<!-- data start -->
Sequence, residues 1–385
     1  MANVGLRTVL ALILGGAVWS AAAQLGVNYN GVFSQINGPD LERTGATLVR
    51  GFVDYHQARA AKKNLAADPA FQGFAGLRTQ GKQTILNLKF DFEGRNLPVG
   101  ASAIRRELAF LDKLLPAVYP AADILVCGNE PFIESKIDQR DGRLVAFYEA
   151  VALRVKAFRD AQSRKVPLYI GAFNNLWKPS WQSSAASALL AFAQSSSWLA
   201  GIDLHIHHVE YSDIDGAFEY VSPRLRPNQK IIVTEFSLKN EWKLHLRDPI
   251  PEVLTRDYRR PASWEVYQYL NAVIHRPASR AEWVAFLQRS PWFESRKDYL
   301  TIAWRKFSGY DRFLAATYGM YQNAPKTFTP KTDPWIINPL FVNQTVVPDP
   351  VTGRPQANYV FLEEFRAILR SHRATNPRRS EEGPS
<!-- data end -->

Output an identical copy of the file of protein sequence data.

Sequence, residues 1–385
     1  MANVGLRTVL ALILGGAVWS AAAQLGVNYN GVFSQINGPD LERTGATLVR
    51  GFVDYHQARA AKKNLAADPA FQGFAGLRTQ GKQTILNLKF DFEGRNLPVG
   101  ASAIRRELAF LDKLLPAVYP AADILVCGNE PFIESKIDQR DGRLVAFYEA
   151  VALRVKAFRD AQSRKVPLYI GAFNNLWKPS WQSSAASALL AFAQSSSWLA
   201  GIDLHIHHVE YSDIDGAFEY VSPRLRPNQK IIVTEFSLKN EWKLHLRDPI
   251  PEVLTRDYRR PASWEVYQYL NAVIHRPASR AEWVAFLQRS PWFESRKDYL
   301  TIAWRKFSGY DRFLAATYGM YQNAPKTFTP KTDPWIINPL FVNQTVVPDP
   351  VTGRPQANYV FLEEFRAILR SHRATNPRRS EEGPS